I’m always interested in learning the latest in FinTech – there are so many different apps and new ideas coming up every day, many of which are amazing or are focused on helping customers with their money. These FinTech companies are the opposite – instead of being committed to helping customers, they’re gouging (in my opinion) the poor.

I was scrolling through my Facebook feed the other day when I came across a “gem” (please read that sarcastically) of an article from the Wall Street Journal. Upon reading the details, I started to get angry. Like, really angry. I couldn’t believe that there are companies out there making money off people like this – and that they were being written about in the WSJ as if they might be good ideas. These “innovative startups” are, in my opinion, just the same old kinds of companies (payday lenders, car title loans, etc.) finding new ways to extract money from the poor and desperate.

So today, you get to share in my outrage by learning the details of these horrible ideas.  Please note that everything in this article is just my personal opinion –  based on the WSJ article, my own financial knowledge, and reading from the companies websites.

The article in question is called:

The Hidden Cash In Your Assets – New lenders give people a way to get money from their homes, cars—even unused vacation days

Here’s the link to the article so you can read it in its entire, terrible glory. It may be behind a paywall, although I was able to access it both through Facebook and through googling the title.

The article features three new financial “startups” that each have a different idea on how to extract money from your wallet by promising cash upfront in exchange for exorbitant interest rates – some of which are close to, or exceeding, the interest you’d pay on a credit card.

Point – Giving You Cash In Exchange For Your Equity

Most of this article is about the startup Point, which lets you “unlock your wealth” from the “safe” that is your home by giving you typically 10% of your homes value in cash. Then you don’t have to repay it like a home equity loan – so it’s like free money! Except for the catch, of course.

The catch is that you need to repay the loan within 10 years, or sell the property at some point in the next 10 years. Oh, and when you sell, they take a larger than 10% share of the appreciation of hour home. Apparently it works out to about a 7-11% interest rate on their original cash distribution – it’s capped somewhere in the “mid-teens”, according to the company. Let’s not forget there’s also a 3% fee involved – on top of the effective interest rate.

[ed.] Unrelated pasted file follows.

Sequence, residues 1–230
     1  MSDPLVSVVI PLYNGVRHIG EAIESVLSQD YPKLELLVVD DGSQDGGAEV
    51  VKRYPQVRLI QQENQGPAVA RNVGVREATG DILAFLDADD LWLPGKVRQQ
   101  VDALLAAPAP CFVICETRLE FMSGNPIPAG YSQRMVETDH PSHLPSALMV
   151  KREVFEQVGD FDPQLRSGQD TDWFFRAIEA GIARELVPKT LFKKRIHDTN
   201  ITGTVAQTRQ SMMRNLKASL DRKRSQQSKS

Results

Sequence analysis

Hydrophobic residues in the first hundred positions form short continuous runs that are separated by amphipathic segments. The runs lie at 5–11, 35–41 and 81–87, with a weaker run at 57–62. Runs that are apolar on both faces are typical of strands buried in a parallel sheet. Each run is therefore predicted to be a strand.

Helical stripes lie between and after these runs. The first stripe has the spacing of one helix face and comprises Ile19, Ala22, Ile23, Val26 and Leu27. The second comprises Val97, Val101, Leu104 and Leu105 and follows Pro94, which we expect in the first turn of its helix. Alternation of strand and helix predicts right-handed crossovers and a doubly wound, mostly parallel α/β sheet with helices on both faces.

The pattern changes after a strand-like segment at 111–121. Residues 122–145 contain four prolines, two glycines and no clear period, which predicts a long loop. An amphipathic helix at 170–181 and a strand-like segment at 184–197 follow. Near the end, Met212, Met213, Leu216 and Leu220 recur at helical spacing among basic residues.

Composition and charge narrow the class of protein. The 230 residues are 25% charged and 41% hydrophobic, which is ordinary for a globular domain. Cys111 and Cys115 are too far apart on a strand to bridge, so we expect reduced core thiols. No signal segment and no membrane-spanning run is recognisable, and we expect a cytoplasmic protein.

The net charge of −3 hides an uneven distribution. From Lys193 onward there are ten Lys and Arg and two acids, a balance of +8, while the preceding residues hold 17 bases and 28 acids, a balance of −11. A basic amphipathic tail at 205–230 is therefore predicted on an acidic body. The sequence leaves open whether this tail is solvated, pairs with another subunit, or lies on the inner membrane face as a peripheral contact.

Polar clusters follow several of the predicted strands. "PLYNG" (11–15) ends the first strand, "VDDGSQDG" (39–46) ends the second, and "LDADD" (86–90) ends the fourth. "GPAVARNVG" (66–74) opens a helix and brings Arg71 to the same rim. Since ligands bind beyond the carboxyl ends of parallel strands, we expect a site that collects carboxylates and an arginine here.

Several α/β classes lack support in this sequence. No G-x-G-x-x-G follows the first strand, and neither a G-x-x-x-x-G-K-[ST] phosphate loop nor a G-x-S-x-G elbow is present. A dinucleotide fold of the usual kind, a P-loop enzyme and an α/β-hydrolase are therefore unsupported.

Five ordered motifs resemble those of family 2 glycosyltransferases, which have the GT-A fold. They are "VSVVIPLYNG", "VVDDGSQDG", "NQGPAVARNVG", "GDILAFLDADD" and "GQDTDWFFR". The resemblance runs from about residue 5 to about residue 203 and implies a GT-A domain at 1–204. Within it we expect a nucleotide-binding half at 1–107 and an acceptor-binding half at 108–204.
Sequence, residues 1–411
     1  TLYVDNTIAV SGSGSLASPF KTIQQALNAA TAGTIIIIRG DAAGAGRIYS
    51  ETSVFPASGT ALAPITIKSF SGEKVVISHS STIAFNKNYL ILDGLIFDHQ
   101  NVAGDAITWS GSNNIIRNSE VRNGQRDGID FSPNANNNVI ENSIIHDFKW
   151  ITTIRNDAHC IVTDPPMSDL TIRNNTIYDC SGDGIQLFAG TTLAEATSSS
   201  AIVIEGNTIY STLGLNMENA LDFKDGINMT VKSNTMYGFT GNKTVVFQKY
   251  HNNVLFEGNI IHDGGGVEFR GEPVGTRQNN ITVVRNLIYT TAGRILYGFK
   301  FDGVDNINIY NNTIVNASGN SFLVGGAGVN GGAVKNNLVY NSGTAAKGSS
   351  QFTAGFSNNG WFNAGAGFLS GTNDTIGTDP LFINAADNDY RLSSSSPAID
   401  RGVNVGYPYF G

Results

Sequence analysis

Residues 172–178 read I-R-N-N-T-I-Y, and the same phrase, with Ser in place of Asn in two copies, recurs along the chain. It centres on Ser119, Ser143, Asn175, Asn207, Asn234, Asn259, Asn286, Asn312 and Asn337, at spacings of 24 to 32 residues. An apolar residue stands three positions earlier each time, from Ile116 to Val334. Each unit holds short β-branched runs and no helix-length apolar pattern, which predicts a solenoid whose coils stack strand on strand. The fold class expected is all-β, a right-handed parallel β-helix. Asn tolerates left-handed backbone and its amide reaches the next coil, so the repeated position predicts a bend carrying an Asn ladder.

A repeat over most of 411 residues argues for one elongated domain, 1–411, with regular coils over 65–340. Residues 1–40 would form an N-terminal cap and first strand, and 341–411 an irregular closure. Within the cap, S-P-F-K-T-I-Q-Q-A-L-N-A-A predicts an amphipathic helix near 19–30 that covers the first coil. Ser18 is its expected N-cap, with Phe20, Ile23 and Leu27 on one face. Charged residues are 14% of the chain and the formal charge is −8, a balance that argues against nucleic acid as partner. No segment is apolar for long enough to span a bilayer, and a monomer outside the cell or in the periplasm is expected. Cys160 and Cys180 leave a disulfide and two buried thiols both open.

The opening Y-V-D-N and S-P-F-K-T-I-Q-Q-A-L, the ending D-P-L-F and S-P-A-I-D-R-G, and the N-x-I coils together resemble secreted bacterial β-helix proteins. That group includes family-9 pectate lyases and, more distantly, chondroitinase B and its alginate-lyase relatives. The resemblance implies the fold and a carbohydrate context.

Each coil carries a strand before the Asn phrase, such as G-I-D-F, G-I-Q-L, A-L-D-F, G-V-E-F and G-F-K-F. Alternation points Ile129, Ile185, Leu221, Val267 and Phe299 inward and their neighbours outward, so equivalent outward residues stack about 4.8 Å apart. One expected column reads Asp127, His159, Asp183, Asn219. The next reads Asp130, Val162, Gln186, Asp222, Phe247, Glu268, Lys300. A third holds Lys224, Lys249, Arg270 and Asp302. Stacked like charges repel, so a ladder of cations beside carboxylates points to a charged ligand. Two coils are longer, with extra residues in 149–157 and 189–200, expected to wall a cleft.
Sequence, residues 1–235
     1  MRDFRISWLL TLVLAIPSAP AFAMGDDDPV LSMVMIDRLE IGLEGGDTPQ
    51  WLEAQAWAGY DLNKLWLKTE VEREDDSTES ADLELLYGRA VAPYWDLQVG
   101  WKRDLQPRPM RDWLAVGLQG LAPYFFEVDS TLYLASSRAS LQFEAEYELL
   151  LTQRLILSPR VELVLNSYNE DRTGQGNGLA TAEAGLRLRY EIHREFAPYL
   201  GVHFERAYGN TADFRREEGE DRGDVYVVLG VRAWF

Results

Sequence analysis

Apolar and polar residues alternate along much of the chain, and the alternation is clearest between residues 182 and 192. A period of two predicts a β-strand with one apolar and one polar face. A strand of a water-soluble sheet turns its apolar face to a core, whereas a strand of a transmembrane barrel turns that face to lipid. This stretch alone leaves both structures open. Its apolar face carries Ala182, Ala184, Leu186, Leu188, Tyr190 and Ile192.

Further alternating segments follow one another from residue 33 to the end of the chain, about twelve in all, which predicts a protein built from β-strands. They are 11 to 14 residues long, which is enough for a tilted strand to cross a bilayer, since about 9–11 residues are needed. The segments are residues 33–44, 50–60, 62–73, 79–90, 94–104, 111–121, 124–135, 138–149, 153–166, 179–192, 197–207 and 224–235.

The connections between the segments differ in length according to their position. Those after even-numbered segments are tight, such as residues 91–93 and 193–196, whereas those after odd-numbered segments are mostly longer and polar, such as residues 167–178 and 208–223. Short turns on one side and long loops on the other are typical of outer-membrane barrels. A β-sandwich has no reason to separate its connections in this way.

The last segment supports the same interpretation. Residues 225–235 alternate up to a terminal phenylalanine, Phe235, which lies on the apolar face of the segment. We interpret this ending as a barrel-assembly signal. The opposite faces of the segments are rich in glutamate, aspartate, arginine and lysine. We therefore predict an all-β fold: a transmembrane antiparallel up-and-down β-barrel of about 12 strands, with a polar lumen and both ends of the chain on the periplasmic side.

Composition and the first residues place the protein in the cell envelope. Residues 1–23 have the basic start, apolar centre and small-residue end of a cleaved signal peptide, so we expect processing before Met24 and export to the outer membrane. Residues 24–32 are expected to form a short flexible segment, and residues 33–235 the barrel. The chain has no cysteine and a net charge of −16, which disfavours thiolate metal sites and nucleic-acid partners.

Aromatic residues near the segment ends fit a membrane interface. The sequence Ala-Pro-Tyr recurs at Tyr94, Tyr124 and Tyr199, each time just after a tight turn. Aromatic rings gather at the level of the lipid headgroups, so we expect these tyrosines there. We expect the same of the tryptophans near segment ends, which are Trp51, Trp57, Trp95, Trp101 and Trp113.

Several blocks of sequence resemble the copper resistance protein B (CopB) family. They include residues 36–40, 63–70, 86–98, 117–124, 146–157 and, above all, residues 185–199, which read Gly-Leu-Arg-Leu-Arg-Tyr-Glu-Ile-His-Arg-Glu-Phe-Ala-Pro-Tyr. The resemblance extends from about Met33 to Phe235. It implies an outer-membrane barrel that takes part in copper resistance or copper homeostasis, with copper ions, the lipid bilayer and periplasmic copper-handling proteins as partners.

Did you know your home is like a safe, keeping your money locked away? That’s how it should be, and you shouldn’t be treating your home like a piggy bank.

It’s kind of like a reverse mortgage, except there’s a time limit involved where you need to sell the property.

This is from the front page of their site:

Imagine having money in a safe that you are not allowed access – instead, you must borrow the equivalent amount of money from a bank and pay the bank interest for the privilege. That is what homeowners face every day with the wealth tied up in their homes. Accessing that wealth requires borrowing against the home, equity refinancing, home equity loans or home equity lines of credit (HELOCs). Point fixes that problem.

Why do I think this is a terrible idea? Oh, in so many ways. First of all, if you need a cash infusion that badly, you probably shouldn’t own the home you’re in. Second, if you were responsible and needed cash, you could get a home equity loan instead and save quite a bit of money. Third, all the fees involved. Fourth, the time limit. If you don’t repay the loan or sell the home, they can forclose on you. Fifth, the person most likely to “need” this kind of infusion is most likely to be hurt by it. I could go on, but I’m going to stop there for now.

The couple featured in this article, Toni and David Bell, apparently own a $1.7 million dollar home and received an infusion of $170k from Point. Why? Oh, to eliminate debts and do some home improvements. Improvements on a home they won’t own in 10 years, because they’re going to have to sell. That $170k infusion would cost $5,100 in fees (3%). How much will they have to have paid at the end of the loan? Believe it or not, I had to use a student loan deferral calculator to figure this out, because there’s no online calculators that cover this scenario.